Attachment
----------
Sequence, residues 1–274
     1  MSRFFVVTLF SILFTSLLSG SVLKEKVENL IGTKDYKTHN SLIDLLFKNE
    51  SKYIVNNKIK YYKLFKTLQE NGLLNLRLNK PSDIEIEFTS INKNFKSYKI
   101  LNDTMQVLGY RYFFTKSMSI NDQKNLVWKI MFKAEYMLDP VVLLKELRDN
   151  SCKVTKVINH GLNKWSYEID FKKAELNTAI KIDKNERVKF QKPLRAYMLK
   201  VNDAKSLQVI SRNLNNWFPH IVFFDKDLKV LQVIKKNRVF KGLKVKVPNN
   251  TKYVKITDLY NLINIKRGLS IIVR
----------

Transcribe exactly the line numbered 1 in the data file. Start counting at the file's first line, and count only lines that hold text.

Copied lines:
Sequence, residues 1–274